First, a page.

Vale Sr Mary of the Holy Ghost

By Wendy Shaw

Sr Mary of the Holy Ghost OCD has been remembered for her vibrancy, strength, sense of adventure and her deep and abiding faith.

As a young novice, she was a founding member of the Carmelite community in Tasmania and celebrated the 75th anniversary of her religious profession in December last year.

Sr Mary died on 21 April, aged 94, surrounded by her Sisters in prayer at the Carmelite Monastery in West Launceston.

Fr Mark Freeman was the homilist at the funeral Mass for Sr Mary on 29 April.

He told mourners: “It seems to me that we, Sisters in Carmel, family members and friends have experienced our own, particular emanation of God, our own unique manifestation of the Wisdom of God, in and through the life of Sr Mary of the Holy Ghost.”

Sr Mary, formerly known as Monica Eileen Regan, was born in South Australia in June 1929, the sixth of nine children of Stanislaus and Ursula Regan. Three daughters went on to become Carmelite nuns and a son became a priest for the Archdiocese of Adelaide.

Monica began regularly visiting the Glen Osmond Carmel from the age of 16.

“Less than a fortnight after turning 18, Monica entered Carmel,” Fr Mark said.

The section of the grounds at the Carmelite Monastery in West Launceston that Sr Mary of the Holy Ghost lovingly cultivated over many years.

“Here, this vibrant young woman was named for the Holy Spirit. Here, at Glen Osmond for one short year, and in Tasmania for more than 75 years, she has lived the hidden life of Carmel giving her all in response to the promptings of the Holy Spirit.”

Fr Mark spoke of Sr Mary of the Holy Ghost’s long life of fidelity and love for the Lord, as well as her energy and enthusiasm for practical tasks, evident in the establishment of the beautiful gardens at the Carmel in West Launceston.  She was also the sacristan for many years, a key role in a contemplative community, and a talented calligrapher who produced beautiful cards sharing the wisdom of the Carmelite saints with the broader community.

Fr Mark added: “She has given her all with generosity and courage, so often in ways unseen and unheralded, but always with a joy so clearly the fruit of the Spirit of God deep within her …

“Never did she allow difficulty, pain or times of great suffering to diminish her sense of adventure, her generous embracing of life’s opportunities.

“All this, simply in order to be attentive to the promptings of the Holy Spirit, so that she might come closer and closer to God and do whatever she could to enable this Carmel to thrive. She came here as one of the foundation stones of this Carmel and she has given her all to enable this action of God to flourish.”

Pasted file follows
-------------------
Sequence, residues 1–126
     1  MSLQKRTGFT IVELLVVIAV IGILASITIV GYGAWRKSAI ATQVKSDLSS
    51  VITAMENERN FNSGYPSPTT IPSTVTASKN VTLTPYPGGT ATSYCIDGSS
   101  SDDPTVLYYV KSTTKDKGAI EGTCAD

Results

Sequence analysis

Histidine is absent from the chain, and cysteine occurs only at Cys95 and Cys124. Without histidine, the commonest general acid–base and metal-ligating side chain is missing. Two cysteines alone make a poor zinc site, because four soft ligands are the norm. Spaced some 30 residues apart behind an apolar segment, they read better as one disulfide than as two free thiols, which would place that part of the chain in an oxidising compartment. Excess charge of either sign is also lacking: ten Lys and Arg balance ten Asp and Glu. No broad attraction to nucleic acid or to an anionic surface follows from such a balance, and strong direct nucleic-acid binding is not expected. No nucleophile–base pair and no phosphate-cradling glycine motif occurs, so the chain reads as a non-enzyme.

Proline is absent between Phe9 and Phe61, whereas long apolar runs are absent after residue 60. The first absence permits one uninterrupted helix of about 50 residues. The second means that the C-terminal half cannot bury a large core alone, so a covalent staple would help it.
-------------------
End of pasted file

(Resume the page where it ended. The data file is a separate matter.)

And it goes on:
Sr Mary of the Holy Ghost had “lived her years in Carmel with vibrancy, strength, a sense of adventure”.

As an avid gardener, Sr Mary of the Holy Ghost had a particular love for camellias.

“[P]ractical, generous, faithful and faith-filled, cheeky and quirky, beautiful in the Lord, filled with the Holy Spirit – our sister, our loved one, our friend and true companion in the Lord has taken the next step on life’s adventure into the fullness of God,” Fr Mark said.

“She has heard the Lord speak the words of today’s Gospel deep into her heart: ‘Come to me, all you who labour and are overburdened, and I will give you rest. … Learn from me, … and you will find rest for your soul’ (Matthew 11:28,29).

“As we bid her farewell and entrust her to God, let’s make sure that, within and outside Carmel, we continue to build on the strong foundation of faith, hope and love that her whole life has been.”

At the time of the 75th anniversary of the Carmelite Monastery of the Immaculate Heart of Mary in Tasmania in June last year, Prioress Mother Teresa Benedicta of the Cross OCD paid special tribute to Sr Mary of the Holy Ghost, the oldest of the community’s sisters.

“We are especially blessed to have one of our original foundation members still in our midst, Sr Mary of the Holy Ghost, who came on the foundation from Adelaide as a 19-year-old novice in 1948,” Mother Teresa Benedicta said then.

“Sister is a wonderful inspiration to us all and a precious link with the 75-year history of our community.”

Family members travelled from interstate for the funeral at which Archbishop Julian was the chief celebrant. It was followed by interment at the monastery.

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